Amanda Ceraldi, originally from Pasadena, Maryland is a recent graduate of The Catholic University of America, where she studied Theology and Peace and Justice Studies.  She is currently serving at Valley of the Angels Orphanage in Guatemala with Franciscan Mission Service.


Lenten Reflection Series: Bringing Joy and Love into the World

Throughout the season of Lent, we’re featuring the Millennial Lenten Reflection Series co-sponsored by Catholics in Alliance for the Common Good and Franciscan Mission Service. Each small reflection will be written by a young person, focusing on that day’s Mass reading. You can sign up for the series here.

“A clean heart create for me, O God, and a steadfast spirit renew within me.” (Psalms 51:12)

Lent reminds us of the warmth and good news that follows the cold and darkness of the winter season. For me, Lent is a time to reflect on both the present and future. In much of the United States, people are struggling with bitter winter conditions. Throughout the struggles of winter, we look forward to and prepare for the coming of spring. Spring, like Lent, promises new life and new opportunities.

It’s during the difficult winter season where we must decide what to do with the new life and new beginnings spring offers. That’s why reflection, repentance and fasting during the Lenten period is so important. We must each ask the question, ‘what can I do to bring joy and love into this world?’

I plan on answering that question by continuing to try to give a voice to the voiceless.

Stephen Seufert is the State Director for Keystone Catholics.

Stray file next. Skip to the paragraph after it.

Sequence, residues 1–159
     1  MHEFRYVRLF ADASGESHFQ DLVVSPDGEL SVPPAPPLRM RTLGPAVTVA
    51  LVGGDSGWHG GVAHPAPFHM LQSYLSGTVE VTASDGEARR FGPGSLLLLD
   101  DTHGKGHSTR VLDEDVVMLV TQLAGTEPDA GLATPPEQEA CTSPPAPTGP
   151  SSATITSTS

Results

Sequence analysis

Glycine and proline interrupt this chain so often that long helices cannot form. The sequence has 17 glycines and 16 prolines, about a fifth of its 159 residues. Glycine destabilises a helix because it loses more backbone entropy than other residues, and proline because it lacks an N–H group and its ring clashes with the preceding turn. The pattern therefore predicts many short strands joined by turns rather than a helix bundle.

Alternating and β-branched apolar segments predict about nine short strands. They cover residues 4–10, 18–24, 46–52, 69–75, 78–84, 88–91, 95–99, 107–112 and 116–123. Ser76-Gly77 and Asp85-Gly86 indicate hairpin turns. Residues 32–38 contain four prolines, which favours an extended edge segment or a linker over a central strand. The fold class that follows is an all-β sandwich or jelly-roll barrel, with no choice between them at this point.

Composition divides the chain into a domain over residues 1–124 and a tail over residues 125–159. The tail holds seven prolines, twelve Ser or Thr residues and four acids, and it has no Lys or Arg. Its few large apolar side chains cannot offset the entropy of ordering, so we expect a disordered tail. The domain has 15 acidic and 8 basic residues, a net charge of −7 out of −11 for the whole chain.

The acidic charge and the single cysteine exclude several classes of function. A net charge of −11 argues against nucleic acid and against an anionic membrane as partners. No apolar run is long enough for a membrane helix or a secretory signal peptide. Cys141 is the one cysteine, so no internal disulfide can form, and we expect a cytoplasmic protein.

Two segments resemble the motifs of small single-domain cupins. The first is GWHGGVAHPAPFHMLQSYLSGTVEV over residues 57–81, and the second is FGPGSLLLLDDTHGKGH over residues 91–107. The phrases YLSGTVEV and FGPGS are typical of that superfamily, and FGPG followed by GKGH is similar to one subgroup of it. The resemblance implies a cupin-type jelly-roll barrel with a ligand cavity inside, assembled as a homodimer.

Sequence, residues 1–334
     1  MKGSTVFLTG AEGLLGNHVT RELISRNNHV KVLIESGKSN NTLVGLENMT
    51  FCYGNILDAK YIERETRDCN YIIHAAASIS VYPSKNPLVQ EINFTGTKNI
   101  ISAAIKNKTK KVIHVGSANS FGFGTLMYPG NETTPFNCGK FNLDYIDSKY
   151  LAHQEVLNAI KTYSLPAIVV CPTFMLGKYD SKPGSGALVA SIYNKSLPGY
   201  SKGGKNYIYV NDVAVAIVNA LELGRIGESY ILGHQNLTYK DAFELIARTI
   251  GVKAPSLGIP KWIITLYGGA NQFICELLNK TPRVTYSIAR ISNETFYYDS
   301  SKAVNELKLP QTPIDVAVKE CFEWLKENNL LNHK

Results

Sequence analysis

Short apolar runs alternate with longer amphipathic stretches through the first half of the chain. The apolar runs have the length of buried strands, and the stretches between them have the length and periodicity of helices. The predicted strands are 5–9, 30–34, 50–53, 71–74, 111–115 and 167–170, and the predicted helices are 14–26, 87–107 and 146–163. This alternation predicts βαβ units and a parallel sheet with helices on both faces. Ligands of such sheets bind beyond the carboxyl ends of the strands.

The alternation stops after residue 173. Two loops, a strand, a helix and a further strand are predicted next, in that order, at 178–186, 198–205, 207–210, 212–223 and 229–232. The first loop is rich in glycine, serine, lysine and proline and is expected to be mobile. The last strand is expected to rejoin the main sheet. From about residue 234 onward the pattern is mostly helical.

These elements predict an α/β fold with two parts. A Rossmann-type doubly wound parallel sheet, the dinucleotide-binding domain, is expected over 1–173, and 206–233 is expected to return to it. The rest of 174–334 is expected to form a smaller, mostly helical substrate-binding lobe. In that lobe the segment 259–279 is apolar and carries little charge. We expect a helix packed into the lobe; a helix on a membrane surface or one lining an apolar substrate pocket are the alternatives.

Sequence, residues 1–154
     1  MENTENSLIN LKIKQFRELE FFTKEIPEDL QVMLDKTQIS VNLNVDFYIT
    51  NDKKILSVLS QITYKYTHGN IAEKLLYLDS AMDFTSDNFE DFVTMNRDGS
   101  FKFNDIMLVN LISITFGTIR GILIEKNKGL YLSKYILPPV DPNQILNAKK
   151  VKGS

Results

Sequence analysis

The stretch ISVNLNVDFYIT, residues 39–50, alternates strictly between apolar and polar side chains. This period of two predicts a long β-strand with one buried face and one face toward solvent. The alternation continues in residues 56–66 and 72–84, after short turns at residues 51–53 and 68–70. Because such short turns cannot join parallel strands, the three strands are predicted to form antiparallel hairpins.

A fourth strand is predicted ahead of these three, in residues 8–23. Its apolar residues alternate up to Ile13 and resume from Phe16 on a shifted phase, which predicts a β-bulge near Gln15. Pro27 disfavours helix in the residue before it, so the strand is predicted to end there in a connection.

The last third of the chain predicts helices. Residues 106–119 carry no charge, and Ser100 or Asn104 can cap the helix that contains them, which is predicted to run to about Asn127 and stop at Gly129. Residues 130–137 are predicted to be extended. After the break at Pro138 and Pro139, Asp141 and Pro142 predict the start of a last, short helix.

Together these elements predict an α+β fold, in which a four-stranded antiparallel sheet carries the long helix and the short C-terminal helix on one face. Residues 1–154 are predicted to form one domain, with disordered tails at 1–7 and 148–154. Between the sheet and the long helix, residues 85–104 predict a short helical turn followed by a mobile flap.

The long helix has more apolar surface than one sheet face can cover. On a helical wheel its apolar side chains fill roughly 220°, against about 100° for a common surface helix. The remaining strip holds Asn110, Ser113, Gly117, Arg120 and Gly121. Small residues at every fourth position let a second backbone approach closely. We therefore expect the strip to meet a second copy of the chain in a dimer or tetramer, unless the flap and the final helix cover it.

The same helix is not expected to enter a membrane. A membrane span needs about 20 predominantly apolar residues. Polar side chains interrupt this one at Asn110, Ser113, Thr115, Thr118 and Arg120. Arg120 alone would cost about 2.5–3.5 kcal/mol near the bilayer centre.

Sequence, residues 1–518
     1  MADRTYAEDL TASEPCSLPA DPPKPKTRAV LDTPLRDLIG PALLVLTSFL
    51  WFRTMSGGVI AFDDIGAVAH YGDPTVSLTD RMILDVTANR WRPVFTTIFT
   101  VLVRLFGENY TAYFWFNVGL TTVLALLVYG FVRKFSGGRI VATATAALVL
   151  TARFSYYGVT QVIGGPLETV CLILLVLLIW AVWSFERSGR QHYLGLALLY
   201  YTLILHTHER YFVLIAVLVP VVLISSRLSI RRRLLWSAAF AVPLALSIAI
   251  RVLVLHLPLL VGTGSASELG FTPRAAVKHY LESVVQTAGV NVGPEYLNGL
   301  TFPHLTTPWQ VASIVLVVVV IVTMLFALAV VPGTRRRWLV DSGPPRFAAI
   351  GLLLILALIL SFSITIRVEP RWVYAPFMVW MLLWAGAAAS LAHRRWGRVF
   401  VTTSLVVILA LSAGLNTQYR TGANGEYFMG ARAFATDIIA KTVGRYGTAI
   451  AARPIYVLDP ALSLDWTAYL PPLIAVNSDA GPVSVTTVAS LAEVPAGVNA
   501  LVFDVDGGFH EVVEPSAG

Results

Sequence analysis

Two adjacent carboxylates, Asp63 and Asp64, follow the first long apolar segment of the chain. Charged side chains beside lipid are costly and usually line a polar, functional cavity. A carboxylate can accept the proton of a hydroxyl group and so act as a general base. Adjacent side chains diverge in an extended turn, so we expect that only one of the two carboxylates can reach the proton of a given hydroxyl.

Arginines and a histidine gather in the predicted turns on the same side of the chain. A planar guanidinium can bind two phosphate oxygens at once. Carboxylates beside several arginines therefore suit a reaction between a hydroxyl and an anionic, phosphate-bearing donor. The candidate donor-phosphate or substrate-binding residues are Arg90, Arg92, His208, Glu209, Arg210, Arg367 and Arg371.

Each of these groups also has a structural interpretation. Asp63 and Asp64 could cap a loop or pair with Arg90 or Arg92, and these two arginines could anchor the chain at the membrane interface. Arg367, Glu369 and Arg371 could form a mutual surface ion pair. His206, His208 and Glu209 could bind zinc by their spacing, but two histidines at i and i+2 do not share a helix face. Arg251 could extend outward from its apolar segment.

Lenten Reflection Series: The Lord’s Prayer

Throughout the season of Lent, we’re featuring the Millennial Lenten Reflection Series co-sponsored by Catholics in Alliance for the Common Good and Franciscan Mission Service. Each small reflection will be written by a young person, focusing on that day’s Mass reading. You can sign up for the series here.

Today’s gospel gives us the Lord’s Prayer.  A staple of Christian tradition, the Lord’s Prayer can be a comfortable balm, words that flow easily and effortlessly off the tongue. Having repeated the words countless times in our lives, the Lord’s Prayer is like the macaroni-and-cheese of prayer; a comfortable go-to.

Several years ago, I kept a little envelope pinned next to my front door.  Each day, upon leaving, I drew a slip of paper, each of which had one line of the Lord’s Prayer. That randomly selected line served as my meditation and inspiration for the day.

In this format, I began to recognize just how challenging the words of this prayer could be.

It was difficult to live in the daily spirit of “thy will be done,” when I usually spend much of my day focused on what I want. In the abstract, the line “as we forgive those who trespass against us” resonates with me, but it was hard to take to heart while getting cut off on the freeway.

Sometimes we need the comfort of familiarity washing over us; other times we are called to stretch ourselves. Today’s gospel gives us both, in one prayer.

Jenny Heipp is a Ph.D. candidate in anthropology at Washington University in Saint Louis.


Lenten Reflection Series: Back to Basics

Throughout the season of Lent, we’re featuring the Millennial Lenten Reflection Series co-sponsored by Catholics in Alliance for the Common Good and Franciscan Mission Service. Each small reflection will be written by a young person, focusing on that day’s Mass reading. You can sign up for the series here.

“We need to get back to basics.”  It’s something you might hear a cigar-chomping football coach yelling during practice.  “You’ve got to block! You’ve got to make your tackles!” All obvious things, of course, but that doesn’t mean that the team doesn’t need reminders every once and a while.